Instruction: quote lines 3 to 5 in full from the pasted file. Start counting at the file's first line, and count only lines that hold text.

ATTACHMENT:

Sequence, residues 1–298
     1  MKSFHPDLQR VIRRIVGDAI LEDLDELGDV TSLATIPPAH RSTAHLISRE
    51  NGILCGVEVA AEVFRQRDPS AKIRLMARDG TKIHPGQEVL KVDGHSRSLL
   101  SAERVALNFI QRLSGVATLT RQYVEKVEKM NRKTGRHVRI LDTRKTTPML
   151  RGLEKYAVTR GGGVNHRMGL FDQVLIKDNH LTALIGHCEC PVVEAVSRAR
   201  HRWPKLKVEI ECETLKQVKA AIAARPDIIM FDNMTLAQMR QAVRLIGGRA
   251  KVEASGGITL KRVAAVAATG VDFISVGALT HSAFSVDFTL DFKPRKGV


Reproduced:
    51  NGILCGVEVA AEVFRQRDPS AKIRLMARDG TKIHPGQEVL KVDGHSRSLL
   101  SAERVALNFI QRLSGVATLT RQYVEKVEKM NRKTGRHVRI LDTRKTTPML
   151  RGLEKYAVTR GGGVNHRMGL FDQVLIKDNH LTALIGHCEC PVVEAVSRAR